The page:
Tough times can mean many things: lost jobs, natural disasters, inadequate food production, public health disasters, slowing commerce. As a nation we need to do what we can to prepare for tough times, but it’s just as important to have geographically sensible plans across the nation.
To fight tough economic conditions globally, we need to focus locally on regional planning.
One of the first and most enduring of FDR’s New Deal programs was the Tennessee Valley Authority (TVA), which still exists today and is a major stabilizing factor in parts of Appalachia, the Midwest, and the South. They provide power (and are leading the charge with wind and solar power in the region), economic development, land use guidelines, public health measures, and so on.
An organization that is tackling the challenge of regional planning in our area is the Ogallala Commons, a nonprofit organization based around the Ogallala Aquifer. They bring together a diverse array of interests to advocate for responsible use of our resources.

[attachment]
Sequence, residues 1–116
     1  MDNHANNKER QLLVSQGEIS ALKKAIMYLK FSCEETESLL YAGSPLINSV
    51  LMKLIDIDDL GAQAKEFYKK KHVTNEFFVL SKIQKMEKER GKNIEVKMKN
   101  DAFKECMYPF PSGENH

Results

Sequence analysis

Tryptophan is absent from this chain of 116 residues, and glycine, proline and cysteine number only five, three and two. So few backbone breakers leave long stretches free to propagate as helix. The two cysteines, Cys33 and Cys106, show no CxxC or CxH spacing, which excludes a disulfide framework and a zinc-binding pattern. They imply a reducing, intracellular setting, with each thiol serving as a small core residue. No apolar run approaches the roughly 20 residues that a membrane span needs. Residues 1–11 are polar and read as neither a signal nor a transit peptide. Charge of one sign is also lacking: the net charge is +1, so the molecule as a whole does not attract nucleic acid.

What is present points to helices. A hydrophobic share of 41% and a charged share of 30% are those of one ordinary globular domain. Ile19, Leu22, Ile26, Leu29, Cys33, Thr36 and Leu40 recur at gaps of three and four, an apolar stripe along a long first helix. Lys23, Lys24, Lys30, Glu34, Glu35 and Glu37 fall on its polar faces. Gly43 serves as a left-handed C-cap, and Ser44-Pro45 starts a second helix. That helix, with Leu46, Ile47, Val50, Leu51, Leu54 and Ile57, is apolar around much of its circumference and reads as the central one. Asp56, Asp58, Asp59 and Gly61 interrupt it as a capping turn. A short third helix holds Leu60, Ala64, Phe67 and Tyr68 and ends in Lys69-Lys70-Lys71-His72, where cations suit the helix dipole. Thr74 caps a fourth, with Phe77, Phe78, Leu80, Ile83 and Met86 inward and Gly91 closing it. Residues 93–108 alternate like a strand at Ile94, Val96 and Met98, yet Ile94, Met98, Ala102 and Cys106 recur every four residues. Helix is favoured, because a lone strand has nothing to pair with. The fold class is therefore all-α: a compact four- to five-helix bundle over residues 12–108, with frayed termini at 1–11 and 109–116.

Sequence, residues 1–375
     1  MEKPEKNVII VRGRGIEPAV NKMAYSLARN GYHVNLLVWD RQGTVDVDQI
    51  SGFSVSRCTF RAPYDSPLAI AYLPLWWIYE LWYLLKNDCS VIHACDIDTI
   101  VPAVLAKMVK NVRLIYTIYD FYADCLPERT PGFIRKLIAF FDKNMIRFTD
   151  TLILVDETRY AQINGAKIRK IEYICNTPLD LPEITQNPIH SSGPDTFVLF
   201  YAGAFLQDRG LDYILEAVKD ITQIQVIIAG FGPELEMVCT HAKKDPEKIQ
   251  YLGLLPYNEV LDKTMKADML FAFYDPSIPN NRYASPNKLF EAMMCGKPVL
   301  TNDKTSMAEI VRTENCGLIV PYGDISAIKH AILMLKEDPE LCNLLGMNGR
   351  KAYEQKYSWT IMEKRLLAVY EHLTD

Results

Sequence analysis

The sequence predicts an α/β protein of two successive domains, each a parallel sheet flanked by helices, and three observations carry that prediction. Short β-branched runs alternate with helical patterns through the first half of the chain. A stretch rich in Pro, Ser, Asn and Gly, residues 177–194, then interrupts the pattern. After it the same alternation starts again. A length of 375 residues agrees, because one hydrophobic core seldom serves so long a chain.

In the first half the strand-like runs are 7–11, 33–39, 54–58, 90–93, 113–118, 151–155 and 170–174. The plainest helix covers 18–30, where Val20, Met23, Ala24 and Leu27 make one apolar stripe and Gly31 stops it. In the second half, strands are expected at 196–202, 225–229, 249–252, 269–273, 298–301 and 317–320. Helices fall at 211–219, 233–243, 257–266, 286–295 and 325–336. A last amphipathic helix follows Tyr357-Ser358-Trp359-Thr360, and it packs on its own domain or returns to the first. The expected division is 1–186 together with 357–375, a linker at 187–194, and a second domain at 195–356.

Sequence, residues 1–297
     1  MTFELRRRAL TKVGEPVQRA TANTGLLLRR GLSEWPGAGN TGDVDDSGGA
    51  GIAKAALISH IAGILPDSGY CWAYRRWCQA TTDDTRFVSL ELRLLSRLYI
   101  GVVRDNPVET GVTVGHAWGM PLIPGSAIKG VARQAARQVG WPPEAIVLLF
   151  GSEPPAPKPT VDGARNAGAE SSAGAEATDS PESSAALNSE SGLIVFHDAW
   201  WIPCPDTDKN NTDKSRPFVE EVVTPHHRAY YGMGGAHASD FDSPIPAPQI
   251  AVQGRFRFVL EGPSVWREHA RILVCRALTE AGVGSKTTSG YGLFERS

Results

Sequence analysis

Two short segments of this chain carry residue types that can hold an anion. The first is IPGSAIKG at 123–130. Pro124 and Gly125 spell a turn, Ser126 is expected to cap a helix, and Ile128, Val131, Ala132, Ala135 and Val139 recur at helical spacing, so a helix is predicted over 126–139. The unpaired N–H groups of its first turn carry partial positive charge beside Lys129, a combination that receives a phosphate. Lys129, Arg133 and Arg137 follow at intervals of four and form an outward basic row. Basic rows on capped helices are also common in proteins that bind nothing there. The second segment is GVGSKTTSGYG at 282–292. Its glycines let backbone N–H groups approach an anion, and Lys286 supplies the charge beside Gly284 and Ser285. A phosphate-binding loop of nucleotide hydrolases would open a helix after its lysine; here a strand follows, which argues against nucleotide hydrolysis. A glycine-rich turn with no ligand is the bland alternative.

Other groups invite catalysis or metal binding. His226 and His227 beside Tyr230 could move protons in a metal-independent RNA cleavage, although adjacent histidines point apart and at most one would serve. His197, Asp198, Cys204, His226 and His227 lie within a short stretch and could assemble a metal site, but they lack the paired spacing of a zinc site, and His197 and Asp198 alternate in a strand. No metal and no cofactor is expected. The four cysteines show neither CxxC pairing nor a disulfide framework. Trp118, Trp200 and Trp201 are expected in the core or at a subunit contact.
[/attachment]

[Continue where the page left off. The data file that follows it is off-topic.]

We also have an existing governmental entity that has the potential to grow to include most of our regional planning needs: South Plains Association of Governments (SPAG). It encompasses a 15-county region and includes all city and county governments within that region. I believe SPAG needs to take a more active role in regional planning, but, in the finest chicken-and-egg fashion, it needs support from its member governments to do so.
So, what are we regional-planning-conscious citizens to do? Contacting Ogallala Commons, SPAG, and other planning organizations in the area are good first steps, I think. In particular, Ogallala Commons has frequent conferences in the area. The next conference (about local food systems) is near the end of this month: February 24-25 at the International Cultural Center at Texas Tech University.
We can also work to reduce our own footprint as individuals and families. In the near future, I’ll be blogging about making our own lives more sustainable.
What ideas do you have about regional planning?